A public hearing on the second stage of the Heritage Hills development was held at Monday’s council meeting where primarily developers spoke about the need to move forward with construction of 1,128 homes on the remaining 173 acres.
Although the Neighbourhood Plan was approved by Council in March, it was done with several caveats that developers feel have been met as they have agreed to restrict the building of slope retaining walls, though landscaping walls of no more than three feet would still be required in some area; have agreed to hire a third party geotechnical engineer to monitor and inspect grading and do the testing for surface and underground construction; assured Council slopes meet the 1.8 factor of safety needed to build on them; and will provide additional securities to the homes with Environmental Reserves being turned over to the Town two years after the final homes is sold. Harmony Park also moved the proposed multi-family dwelling further north so as not to infringe on the view of the families already living in Heritage Hills and reminded Council that they have contributed $5 million to the Town through offsite levies with their development activities over the years.
The only sticking point that remains is the requirement that no construction take place until the Province shows a firm commitment to upgrading the Hwy 1A/22 intersection, which the developers in the area feel is unnecessary. Based on the usual time it takes to get from an empty lot to occupancy is one and a half to two years, the developers figured the first 200 or so homes would not see anyone moving in before 2019, by which point work on upgrading the intersection should be well on its way at the very least.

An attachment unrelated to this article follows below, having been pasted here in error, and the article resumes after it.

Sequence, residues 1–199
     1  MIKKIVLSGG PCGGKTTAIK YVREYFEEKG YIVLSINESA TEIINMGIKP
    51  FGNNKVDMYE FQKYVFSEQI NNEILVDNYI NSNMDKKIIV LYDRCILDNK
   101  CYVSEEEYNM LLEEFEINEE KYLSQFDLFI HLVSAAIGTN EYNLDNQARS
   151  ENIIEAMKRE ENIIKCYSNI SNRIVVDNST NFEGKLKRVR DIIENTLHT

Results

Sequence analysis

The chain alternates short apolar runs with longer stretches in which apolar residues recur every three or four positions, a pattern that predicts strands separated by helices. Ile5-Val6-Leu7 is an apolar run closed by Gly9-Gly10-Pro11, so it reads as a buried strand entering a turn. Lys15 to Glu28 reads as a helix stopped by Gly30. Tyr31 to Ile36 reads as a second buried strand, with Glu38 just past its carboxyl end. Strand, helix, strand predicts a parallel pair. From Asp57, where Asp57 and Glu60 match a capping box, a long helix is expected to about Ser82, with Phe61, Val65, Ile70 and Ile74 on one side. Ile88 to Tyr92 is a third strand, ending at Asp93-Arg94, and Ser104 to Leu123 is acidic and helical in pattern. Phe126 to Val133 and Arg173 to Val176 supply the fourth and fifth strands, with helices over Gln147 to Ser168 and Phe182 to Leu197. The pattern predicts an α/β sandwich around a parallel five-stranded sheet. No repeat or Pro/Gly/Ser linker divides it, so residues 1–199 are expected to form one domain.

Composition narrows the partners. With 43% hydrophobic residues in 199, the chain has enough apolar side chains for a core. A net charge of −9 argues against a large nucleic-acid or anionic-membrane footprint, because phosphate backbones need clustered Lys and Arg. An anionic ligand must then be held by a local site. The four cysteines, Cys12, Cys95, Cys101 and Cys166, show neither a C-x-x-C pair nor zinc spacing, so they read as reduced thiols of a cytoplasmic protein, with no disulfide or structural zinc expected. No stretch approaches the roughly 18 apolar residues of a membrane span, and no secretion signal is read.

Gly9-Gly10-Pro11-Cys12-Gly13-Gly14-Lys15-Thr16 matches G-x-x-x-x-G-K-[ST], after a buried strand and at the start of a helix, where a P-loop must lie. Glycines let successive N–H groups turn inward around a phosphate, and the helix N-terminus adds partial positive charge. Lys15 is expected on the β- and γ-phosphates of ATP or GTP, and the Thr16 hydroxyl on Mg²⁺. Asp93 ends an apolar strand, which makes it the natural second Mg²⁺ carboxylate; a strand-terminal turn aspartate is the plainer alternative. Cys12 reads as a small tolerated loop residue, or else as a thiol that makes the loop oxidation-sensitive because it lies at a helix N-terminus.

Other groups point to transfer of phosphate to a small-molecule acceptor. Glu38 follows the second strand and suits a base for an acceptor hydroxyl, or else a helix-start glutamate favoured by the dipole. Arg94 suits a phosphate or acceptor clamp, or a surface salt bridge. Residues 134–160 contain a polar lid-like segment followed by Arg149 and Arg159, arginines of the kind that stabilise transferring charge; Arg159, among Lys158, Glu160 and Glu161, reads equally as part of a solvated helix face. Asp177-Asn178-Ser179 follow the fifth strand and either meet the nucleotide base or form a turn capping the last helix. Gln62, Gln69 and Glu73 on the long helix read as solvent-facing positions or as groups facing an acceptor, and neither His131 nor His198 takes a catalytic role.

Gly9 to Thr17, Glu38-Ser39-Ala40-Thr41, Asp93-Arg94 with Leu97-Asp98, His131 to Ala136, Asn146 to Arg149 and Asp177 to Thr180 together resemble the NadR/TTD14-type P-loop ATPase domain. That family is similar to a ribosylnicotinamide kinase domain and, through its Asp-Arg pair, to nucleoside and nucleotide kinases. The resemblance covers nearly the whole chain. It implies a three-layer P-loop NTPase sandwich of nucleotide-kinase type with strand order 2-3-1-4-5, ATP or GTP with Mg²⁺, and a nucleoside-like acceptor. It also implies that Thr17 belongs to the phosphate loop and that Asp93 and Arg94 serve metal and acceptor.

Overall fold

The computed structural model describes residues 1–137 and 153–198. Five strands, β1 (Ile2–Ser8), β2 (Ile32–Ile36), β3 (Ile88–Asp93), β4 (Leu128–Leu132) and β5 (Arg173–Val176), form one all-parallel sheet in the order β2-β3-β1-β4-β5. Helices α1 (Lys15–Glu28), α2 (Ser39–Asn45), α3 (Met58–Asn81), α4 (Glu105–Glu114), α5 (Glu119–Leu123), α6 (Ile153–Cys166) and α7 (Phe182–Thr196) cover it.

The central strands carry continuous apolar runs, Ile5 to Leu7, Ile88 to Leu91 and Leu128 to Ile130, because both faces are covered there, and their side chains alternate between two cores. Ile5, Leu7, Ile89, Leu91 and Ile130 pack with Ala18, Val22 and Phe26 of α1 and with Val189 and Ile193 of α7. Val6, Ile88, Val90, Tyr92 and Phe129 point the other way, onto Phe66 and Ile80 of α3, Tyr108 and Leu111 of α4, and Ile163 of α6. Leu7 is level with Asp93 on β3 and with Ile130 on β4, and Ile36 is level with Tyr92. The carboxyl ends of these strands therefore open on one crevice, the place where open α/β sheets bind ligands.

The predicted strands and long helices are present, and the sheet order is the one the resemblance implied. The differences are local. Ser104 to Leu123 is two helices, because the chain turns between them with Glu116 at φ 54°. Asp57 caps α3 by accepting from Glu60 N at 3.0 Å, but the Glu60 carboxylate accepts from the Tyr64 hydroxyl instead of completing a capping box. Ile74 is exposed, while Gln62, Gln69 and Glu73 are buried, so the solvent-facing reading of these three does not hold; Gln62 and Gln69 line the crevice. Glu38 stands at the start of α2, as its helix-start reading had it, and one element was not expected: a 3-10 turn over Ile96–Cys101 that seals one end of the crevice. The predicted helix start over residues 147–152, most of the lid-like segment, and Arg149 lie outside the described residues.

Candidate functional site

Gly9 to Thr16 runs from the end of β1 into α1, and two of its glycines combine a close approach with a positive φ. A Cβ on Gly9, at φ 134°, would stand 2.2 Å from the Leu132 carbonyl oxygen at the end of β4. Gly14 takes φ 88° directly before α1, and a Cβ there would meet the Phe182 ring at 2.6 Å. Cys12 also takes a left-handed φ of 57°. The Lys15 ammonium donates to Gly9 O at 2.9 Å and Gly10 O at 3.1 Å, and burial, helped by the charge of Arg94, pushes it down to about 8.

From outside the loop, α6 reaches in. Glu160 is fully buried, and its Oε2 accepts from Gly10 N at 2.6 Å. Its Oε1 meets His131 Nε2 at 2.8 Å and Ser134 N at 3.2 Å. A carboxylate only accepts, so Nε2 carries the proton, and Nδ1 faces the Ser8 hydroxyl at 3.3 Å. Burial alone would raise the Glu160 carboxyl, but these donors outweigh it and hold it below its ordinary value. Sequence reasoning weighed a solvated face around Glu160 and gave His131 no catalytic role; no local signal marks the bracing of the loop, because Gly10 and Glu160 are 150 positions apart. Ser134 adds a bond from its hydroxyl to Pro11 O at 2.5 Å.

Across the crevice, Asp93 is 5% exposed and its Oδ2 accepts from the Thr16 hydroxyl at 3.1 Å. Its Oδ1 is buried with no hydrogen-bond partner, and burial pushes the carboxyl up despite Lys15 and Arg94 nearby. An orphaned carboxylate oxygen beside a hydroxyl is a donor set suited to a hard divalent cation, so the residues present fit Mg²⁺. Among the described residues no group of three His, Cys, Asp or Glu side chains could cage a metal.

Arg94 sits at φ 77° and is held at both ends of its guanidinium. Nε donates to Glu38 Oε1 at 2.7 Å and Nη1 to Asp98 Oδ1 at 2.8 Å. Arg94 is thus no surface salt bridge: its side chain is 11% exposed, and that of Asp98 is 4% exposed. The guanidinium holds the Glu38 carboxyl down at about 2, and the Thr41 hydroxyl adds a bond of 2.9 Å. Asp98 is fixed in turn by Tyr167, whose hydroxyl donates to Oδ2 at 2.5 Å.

It was also noted that before people move in to the currently undeveloped northern and eastern portion of Heritage Hills the developers would be required to have upgraded Township Road 262 in the north to provide an alternate route down to Hwy 1A or east to Hwy 22. As for traffic impact from these homes, they estimated that the 200 homes would add 150 cars to the road between morning and afternoon peak hours which could further be diluted depending on how many people chose to go directly to Hwy 22 rather than Hwy 1A.
Given that full build out will take eight to ten years, the developers felt there was no need to delay building new homes especially when a Request for Proposals has been issued by Alberta Transportation for design build consultation.
Before the public hearing ended, the Harmony representative also informed Council that they plan to have traffic lights installed at the intersection of Hwy 1A and Horse Creek Rd. by September, which would not be affected by the future highway widening as it will not extend that far west.
Source: Cochrane Times